Filippo Parodi was an Italian sculptor of the Baroque period, Genoas first and greatest native Baroque sculptor. Born in Genoa into a family of sculptors, Parodi developed his facility with wood and his two extended sojourns in Rome refined his style, he joined the studio of Bernini as an assistant, although he appears to have been influenced by Algardi and his pupil Ercole Ferrata. Later on returning to Genoa, he met the French Baroque sculptor Pierre Puget, Parodi developed a large studio to handle a large number of commissions. In Genoa during the 1661-1670s, he completed an Ecstasy of Saint Martha for Santa Marta, a Saint John for Santa Maria di Carignano, the cornice is crowded with celebrative angels by a stuccador from Lugano, Pietro Roncaioli. In Venice, he completed the elaborate funeral Monument of Bishop Francesco Morosini, for Johann Adam Andreas I von Liechtenstein of Vienna, he produced two allegorical busts and Virtue, which remain in the Liechtenstein collection, Vienna. The expressive bust of Vice has a specific Bernini source in Berninis Anima dannata, the statues are emotive and often witty reworkings of sculptures by Bernini.
Parodi worked with Giacomo Antonio Ponsonelli an Italian late-Baroque sculptor who was his son-in-law, other pupils of Parodi were Angelo de Rossi, Andrea Brustolon, the brothers Francesco, Francesco Bonanni, and Bernardo Schiaffino. Glory of the Magdalene, high altar, S. Maria delle Vigne, boy with a Skull Hermitage Museum, Saint Petersburg Winter from a set of Seasons Bruce Boucher. Pelican History of Art and Architecture Italy, 1600-1750
Giovanni I Cornaro
Giovanni I Corner or Cornaro was the 96th Doge of Venice, reigning from 24 January 1625 until his death. He was the son of Marcantonio Cornaro and Cecilia Giustinian and he married Chiara Dolfin on 10 February 1578 and the couple had twelve children. He served as capitano of Verona, before winning a spot on the Council of Ten in 1597, in 1600, he was made podestà of Padua, and in 1603, podestà of Brescia. In May 1609, he was named procurator of San Marco, Doge Francesco Contarini died on 6 December 1624. Following a long held on 4 January 1625, the Dogal voters converged on Giovanni Cornaro as their preferred candidate. Cornaros children were opposed to Cornaros selection as Doge because of Venices prohibition on the children of Doges being appointed to high office in government or in the Church. Cornaro now attempted to turn the Dogal position to his familys advantage, in 1626, Pope Urban VIII appointed Cornaros son Federico Baldissera Bartolomeo Cornaro as a cardinal. This move was ratified by the Senate of Venice, but a latter attempt to make Federico Cornaro Bishop of Vicenza.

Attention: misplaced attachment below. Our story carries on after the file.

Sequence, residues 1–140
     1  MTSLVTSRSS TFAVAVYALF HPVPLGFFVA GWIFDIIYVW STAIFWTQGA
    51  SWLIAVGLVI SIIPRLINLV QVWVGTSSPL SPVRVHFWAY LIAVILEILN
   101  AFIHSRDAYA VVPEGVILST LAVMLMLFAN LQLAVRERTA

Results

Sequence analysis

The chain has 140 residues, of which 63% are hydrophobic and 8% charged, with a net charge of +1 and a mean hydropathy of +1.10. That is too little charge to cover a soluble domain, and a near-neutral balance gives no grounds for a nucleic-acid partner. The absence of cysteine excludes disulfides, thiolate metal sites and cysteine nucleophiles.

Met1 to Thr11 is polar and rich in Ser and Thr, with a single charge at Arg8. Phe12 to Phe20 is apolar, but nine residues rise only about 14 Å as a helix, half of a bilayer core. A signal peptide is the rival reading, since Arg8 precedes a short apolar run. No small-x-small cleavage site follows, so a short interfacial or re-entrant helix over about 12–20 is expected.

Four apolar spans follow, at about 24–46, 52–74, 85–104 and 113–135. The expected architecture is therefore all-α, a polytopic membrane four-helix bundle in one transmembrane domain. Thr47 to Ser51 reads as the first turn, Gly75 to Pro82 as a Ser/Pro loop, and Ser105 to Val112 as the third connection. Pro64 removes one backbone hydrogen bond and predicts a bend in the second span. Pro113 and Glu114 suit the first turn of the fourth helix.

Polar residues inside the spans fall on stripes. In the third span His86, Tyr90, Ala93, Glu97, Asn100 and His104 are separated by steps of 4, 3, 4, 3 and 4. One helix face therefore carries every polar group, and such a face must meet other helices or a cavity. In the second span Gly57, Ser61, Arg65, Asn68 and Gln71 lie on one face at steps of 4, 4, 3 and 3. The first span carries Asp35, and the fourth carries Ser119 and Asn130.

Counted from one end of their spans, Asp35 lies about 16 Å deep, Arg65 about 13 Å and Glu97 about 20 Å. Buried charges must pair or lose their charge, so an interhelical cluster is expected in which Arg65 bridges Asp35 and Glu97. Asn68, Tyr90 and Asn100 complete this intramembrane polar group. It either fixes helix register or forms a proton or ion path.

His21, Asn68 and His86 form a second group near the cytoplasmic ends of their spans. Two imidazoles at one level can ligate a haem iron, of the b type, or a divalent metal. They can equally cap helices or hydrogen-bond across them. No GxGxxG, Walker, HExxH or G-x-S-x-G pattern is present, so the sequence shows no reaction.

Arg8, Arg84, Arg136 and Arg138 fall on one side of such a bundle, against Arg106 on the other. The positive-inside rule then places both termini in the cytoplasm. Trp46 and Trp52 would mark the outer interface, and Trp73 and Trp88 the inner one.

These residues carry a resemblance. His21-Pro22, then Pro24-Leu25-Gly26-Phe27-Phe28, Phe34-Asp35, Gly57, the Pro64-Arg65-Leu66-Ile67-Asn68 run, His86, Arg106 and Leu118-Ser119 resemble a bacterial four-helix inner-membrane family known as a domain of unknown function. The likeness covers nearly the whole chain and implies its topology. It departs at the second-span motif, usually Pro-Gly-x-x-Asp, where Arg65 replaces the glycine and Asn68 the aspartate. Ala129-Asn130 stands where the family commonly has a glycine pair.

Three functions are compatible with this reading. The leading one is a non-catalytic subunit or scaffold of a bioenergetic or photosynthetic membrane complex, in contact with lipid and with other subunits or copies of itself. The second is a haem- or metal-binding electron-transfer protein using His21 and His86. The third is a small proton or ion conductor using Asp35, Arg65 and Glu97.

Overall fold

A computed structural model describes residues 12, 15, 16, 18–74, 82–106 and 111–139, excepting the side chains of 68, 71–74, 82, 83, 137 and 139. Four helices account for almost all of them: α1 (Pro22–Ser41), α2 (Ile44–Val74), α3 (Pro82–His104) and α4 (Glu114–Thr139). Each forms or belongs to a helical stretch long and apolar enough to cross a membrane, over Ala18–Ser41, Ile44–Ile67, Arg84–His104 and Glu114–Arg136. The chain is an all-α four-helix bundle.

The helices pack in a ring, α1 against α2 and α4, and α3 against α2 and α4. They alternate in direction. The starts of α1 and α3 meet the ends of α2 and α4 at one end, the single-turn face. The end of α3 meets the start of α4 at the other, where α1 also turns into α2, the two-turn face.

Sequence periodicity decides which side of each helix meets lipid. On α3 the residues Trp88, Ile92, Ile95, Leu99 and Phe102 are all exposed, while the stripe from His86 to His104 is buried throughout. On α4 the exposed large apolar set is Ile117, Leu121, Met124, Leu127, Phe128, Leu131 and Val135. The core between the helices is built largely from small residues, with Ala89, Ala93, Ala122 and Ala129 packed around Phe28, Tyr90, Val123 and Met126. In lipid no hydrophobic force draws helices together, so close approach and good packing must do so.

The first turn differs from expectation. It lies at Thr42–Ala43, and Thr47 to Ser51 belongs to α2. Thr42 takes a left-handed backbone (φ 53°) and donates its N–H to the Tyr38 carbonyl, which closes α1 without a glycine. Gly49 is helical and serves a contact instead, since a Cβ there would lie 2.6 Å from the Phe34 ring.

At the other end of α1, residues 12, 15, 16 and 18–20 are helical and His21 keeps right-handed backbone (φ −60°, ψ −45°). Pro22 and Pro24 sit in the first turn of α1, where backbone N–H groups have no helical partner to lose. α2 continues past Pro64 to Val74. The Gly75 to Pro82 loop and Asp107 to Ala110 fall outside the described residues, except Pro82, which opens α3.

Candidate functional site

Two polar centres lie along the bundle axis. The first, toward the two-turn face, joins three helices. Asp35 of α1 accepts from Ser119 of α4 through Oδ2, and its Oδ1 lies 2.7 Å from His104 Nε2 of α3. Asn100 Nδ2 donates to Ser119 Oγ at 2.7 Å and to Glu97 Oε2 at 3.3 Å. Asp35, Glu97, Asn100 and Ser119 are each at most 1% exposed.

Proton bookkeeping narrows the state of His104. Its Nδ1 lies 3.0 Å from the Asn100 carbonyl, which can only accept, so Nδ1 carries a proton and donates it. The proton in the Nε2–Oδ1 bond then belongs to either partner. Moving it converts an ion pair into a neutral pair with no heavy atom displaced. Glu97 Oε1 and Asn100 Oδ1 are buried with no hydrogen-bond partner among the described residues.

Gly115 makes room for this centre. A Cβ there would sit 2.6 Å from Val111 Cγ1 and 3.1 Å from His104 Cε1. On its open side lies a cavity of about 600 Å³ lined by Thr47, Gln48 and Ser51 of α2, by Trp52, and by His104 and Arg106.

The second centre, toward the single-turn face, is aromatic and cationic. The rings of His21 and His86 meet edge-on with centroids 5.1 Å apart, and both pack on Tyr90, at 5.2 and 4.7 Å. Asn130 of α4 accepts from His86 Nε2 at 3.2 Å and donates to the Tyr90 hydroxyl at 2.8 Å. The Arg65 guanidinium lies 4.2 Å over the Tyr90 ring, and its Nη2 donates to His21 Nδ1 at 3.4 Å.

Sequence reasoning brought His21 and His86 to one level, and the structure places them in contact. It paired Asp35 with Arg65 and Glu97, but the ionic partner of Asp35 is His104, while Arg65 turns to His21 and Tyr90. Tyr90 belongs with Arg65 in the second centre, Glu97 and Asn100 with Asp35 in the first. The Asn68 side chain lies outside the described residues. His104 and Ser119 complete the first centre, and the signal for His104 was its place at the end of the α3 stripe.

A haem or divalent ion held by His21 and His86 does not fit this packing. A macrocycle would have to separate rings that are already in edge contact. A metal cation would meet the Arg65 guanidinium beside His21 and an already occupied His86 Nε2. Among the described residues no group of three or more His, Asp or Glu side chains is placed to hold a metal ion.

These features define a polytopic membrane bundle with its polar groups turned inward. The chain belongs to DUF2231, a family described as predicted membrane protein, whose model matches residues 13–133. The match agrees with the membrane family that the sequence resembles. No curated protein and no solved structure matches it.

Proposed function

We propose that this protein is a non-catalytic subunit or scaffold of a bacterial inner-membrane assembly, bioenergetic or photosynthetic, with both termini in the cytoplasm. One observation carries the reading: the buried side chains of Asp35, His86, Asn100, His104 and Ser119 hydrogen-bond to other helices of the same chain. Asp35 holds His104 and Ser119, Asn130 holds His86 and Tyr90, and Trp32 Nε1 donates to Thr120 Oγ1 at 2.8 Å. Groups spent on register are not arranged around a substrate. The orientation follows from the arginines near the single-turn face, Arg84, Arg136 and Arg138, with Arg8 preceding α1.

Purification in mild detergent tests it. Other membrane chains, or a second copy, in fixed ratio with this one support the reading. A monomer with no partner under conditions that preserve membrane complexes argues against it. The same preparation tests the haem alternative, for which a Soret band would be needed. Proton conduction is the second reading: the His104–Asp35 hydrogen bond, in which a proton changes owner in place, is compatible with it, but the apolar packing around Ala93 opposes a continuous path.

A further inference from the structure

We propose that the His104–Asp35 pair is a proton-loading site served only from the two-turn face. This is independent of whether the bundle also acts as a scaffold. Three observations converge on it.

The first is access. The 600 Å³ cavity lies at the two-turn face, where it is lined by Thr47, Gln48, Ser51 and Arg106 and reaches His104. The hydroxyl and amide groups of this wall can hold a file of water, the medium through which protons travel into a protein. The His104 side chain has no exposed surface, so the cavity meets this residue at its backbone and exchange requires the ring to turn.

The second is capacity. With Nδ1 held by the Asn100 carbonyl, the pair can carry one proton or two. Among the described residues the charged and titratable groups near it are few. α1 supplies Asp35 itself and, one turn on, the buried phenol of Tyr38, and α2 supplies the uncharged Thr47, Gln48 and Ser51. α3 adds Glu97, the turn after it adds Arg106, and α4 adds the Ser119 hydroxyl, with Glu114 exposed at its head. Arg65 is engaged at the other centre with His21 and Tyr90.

On December 30, Renier Zen was attacked by masked assassins, who were found to include Giorgio Cornaro. Zen grew even more outspoken in his criticism of Cornaro in the wake of Giorgio Cornaros failed assassination attempt. Venice now became divided into two factions, a faction that was pro-papal and backed by the Venetian oligarchs. Rioting broke out between the two factions on 23 July 1628, and for the rest of Cornaros life, Venice was locked in a civil war, the Venetian government had basically broken down by late 1628. Cornaro died on 23 December 1629, with a new war in Montferrat looming and he and his wife are buried in the Tolentini. This article is based on this article from Italian Wikipedia
The Corinthian order is the last developed of the three principal classical orders of ancient Greek and Roman architecture. The other two are the Doric order which was the earliest, followed by the Ionic order, when classical architecture was revived during the Renaissance, two more orders were added to the canon, the Tuscan order and the Composite order. The Corinthian, with its offshoot the Composite, is the most ornate of the orders, characterized by slender fluted columns and elaborate capitals decorated with acanthus leaves and it was employed in southern Gaul at the Maison Carrée, Nîmes and at the comparable podium temple at Vienne. Other prime examples noted by Mark Wilson Jones are the order of the Basilica Ulpia and the arch at Ancona the column of Phocas. The Corinthian order is named for the Greek city-state of Corinth, according to the architectural historian Vitruvius, the column was created by the sculptor Callimachus, probably an Athenian, who drew acanthus leaves growing around a votive basket.